(1) Virginia vs. (12) Oregon
Initial Thoughts: Is it just me or is there a hint of hypocrisy with the ‘academia-first’ NCAA scheduling a 10PM tip-off on a school night? So much for our youth getting a well-rested night of sleep before hitting the books early Friday morning!
NCAA bashing tangents aside, this one may not be worth staying up for anyway. The Thursday night Sweet-16 encore pins two defensive steel curtains against one another. While Virginia’s impenetrable pack line man-to-man defense has been a household brand for years now, the masses are slowly becoming familiar with the amorphous Oregon zone that has become the backbone of the Ducks’ stymying defense – though, with all due respect to Dana Altman, I think my grandmother could devise an effective defensive scheme with a human bouncy ball (Kenny Wooten) roaming the lane defensively.
The parallels between the Hoos and the Ducks don’t end there. Both are allergic to pushing the tempo and much prefer to execute in the half-court rather than rush shots in transition. Oregon is coming off its slowest paced game of the entire season (58 possessions against UC Irvine), an impressive feat for a team with the longest average offensive possession length in the Pac-12, and Virginia came one possession shy of matching its season low possession total with a snail-paced 56-possession affair against Oklahoma (is there a synonym for ‘possession’, yikes). All that culminates in a game total lower than Tone Low’s voice – 119 to be exact, the number currently posted at Pinnacle.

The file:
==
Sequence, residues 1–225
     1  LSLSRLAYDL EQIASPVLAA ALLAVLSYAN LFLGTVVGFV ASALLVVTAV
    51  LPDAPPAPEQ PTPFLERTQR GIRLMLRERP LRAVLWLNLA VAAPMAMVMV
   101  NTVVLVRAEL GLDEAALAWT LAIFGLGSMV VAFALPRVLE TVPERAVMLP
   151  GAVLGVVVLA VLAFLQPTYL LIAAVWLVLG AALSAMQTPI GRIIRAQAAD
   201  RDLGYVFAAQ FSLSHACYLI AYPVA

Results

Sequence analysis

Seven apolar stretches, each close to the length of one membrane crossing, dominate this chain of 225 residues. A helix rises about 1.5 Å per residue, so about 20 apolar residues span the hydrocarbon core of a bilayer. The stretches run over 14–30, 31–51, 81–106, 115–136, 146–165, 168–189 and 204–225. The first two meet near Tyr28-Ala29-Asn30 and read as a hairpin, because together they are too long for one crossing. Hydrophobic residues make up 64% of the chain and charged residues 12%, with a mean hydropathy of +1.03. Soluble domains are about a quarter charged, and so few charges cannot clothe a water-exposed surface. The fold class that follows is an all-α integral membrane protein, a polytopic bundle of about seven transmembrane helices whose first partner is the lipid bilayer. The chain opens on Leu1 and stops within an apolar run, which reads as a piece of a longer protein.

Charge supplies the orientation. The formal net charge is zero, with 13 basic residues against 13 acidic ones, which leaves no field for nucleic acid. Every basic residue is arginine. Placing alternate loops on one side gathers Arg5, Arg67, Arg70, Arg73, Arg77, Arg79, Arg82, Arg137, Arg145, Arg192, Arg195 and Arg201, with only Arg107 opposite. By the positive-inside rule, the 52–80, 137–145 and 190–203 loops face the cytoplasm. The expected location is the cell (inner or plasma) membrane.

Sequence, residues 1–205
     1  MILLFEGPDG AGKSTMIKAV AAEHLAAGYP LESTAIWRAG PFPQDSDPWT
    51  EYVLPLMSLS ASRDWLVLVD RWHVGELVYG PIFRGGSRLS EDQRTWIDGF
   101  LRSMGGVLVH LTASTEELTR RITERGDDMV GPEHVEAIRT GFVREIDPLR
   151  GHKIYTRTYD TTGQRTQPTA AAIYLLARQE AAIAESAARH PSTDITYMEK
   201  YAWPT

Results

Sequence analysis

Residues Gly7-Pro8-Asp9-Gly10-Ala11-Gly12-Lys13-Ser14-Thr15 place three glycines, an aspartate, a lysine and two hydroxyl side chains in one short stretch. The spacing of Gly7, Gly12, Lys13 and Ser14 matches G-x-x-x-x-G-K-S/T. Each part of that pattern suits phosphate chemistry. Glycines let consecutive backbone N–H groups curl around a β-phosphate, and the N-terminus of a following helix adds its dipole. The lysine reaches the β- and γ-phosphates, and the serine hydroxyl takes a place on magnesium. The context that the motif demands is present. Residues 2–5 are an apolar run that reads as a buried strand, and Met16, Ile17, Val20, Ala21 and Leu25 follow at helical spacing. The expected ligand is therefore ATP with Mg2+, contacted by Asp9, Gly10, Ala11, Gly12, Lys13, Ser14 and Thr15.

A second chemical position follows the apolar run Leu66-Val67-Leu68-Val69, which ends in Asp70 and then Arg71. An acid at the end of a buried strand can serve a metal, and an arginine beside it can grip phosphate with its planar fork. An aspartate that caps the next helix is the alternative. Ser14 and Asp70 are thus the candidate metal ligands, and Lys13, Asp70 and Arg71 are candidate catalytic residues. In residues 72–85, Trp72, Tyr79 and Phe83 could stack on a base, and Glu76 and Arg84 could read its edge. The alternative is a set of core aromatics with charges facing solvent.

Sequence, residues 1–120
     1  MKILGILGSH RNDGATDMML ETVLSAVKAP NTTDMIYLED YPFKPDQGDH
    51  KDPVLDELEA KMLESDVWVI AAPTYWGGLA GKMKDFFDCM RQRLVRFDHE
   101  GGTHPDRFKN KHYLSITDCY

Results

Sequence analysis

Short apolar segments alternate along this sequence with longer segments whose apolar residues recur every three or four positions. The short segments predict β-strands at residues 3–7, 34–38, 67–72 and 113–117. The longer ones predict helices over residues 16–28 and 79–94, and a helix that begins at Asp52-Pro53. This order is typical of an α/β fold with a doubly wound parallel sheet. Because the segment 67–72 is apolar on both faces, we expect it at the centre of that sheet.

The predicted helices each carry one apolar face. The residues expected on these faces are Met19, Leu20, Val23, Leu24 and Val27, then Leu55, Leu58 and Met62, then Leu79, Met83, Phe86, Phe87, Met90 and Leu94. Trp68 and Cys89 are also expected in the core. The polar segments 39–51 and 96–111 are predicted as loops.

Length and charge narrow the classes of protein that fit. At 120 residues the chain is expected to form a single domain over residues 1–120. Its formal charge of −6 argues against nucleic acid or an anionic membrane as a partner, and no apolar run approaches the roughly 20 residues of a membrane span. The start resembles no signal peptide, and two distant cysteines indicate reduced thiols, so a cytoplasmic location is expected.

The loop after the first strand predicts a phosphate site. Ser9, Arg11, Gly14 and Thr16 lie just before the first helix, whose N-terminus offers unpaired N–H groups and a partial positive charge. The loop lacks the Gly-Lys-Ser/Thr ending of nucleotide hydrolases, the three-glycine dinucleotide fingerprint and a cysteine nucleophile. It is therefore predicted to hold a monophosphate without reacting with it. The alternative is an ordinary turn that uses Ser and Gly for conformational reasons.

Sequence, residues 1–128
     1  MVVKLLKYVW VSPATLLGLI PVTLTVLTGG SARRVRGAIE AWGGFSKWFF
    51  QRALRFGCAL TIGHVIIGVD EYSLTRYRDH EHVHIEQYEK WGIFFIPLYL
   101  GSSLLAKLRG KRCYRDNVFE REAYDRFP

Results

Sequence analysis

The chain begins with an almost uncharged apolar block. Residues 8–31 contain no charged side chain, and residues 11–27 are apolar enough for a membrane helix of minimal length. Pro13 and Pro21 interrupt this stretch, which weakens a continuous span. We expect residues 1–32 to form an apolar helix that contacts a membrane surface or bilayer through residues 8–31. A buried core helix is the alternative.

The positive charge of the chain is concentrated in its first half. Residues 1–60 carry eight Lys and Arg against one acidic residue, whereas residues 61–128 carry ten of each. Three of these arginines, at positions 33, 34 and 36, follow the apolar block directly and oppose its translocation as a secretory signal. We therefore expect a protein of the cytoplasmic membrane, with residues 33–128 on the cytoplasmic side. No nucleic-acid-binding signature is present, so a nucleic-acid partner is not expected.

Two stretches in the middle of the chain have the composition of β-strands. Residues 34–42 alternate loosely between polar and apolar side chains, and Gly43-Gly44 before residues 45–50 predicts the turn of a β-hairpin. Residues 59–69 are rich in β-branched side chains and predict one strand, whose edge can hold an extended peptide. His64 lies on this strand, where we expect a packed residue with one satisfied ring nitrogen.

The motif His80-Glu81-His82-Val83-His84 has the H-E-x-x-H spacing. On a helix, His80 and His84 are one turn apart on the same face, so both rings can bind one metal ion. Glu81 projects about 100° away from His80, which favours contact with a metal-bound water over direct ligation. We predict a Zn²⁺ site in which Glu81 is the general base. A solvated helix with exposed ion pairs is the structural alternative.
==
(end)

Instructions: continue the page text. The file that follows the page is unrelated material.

Casual fans, feel free to hit the hay early as this should be a low scoring snoozer…
Basketball junkies, tune in for what should be a fascinating chess match between two of the game’s best coaching minds...